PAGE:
NIH leader headlines summit on big data and health

Philip Bourne believes the next great advance in healthcare may come from PlayStation gaming enthusiasts.

Or it may come from a computer scientist, a statistician, an applied mathematician, or even a citizen scientist. That’s one of the game-changing features of the National Institutes of Health’s “Big Data to Knowledge” (BD2K) initiative, which brings together computational and biomedical talent to develop new health solutions.

Bourne, who since 2014 has served as the NIH’s first associate director for data science, will give the keynote address June 30 at the annual research retreat for Wisconsin’s own big-data center, called the Center for Predictive Computational Phenotyping (CPCP). One of 12 funded nationally by NIH, the center is led by the University of Wisconsin–Madison, the Morgridge Institute for Research and the Marshfield Clinic Research Foundation.

Bourne will speak from 8:45 – 9:45 a.m. in the DeLuca Forum of the Discovery Building, 330 North Orchard Street. Presentations on a variety of UW–Madison projects will follow throughout the day. The event is free and open to the public, but registration is required.

“What we’re looking for in BD2K are research developments that feed back into the American healthcare ecosystem,” says Bourne. “We want outcomes, whether it be software or reference datasets, that can be made as functional as possible for clinicians and caregivers.”

The two most important factors in BD2K’s success are data accessibility and new tools to make that data serve the healthcare industry, Bourne says, and he described several interesting projects under way.

One center is pulling together two large data sets in American cities — motion data collected from smart phones, and city-wide data on body mass index (BMI) of residents. That data is then matched with information from the restaurant application Yelp! to determine the concentration of different fast food restaurants in those cities. The project shows a strong correlation between population mobility, body mass and the food options available in those communities.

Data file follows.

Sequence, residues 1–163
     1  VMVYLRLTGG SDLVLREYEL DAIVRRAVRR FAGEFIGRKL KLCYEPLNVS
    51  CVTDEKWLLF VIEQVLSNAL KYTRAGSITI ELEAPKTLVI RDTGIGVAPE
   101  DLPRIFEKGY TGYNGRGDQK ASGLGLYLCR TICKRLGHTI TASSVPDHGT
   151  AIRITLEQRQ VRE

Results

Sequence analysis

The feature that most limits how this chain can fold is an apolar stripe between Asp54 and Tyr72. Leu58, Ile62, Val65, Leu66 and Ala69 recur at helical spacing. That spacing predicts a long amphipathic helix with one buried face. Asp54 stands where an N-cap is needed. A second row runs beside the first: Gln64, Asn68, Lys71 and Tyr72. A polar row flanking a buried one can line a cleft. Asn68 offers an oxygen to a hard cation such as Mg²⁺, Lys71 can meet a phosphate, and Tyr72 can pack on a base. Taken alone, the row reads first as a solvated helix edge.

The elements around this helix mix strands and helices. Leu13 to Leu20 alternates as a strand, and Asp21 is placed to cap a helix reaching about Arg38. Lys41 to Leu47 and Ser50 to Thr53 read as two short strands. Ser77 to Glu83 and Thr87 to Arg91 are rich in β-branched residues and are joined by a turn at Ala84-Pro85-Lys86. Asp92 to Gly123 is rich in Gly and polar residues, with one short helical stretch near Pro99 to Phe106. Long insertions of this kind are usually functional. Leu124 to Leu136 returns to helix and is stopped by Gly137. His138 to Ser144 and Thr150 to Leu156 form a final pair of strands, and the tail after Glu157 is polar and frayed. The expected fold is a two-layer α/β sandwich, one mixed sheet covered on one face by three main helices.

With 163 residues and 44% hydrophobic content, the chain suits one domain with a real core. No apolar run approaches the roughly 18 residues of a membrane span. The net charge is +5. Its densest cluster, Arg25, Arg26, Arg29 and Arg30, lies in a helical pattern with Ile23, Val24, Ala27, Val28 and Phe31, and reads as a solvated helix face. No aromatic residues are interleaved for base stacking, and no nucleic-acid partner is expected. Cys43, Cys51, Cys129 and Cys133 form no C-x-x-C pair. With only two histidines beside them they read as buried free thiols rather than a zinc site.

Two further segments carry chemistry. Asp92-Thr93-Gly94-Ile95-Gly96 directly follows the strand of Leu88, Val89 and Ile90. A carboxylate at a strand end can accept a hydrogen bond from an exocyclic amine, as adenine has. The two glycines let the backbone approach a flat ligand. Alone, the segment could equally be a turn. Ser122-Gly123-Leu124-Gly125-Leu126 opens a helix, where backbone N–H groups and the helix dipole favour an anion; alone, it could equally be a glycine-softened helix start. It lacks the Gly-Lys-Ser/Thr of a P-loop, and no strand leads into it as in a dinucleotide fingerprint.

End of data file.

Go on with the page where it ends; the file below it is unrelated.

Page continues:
“This notion of smart cities and healthy cities has great potential,” Bourne says.

Another center is using sensor technology to predict early conditions and risk of heart failure. A third center is looking at a large cohort of MRI images and genomic data to look at the connections between genetics, neurological decline and addiction.

The PlayStation reference is real. Bourne described a conference where participants spent the day experimenting with different gaming ports and applying avatars, virtual reality and visualization techniques to health questions.

“After a day with these gaming experts,” Bourne says, “I’m completely believing that they could change the world.”

Closer to home, CPCP is developing ways to model and predict phenotypes — physical characteristics determined by our genes and environment — in order to improve human health. Examples include:

  • Dr. Elizabeth Burnside, UW–Madison professor of radiology, and her team are using computational modeling to improve breast cancer risk prediction in a given group of women based on known—and newly discovered—demographic, genetic, and imaging risk factors. Burnside has teamed with Morgridge investigator Ming Yuan to develop a computational method to predict breast cancer risk more accurately.
  • Sunduz Keles, UW–Madison professor of statistics, is using high-throughput computing supported by the Morgridge Institute to calculate literally millions of genome positions and how they may regulate genetic expression. The database is being shared through a new web interface that will be open to scientists everywhere.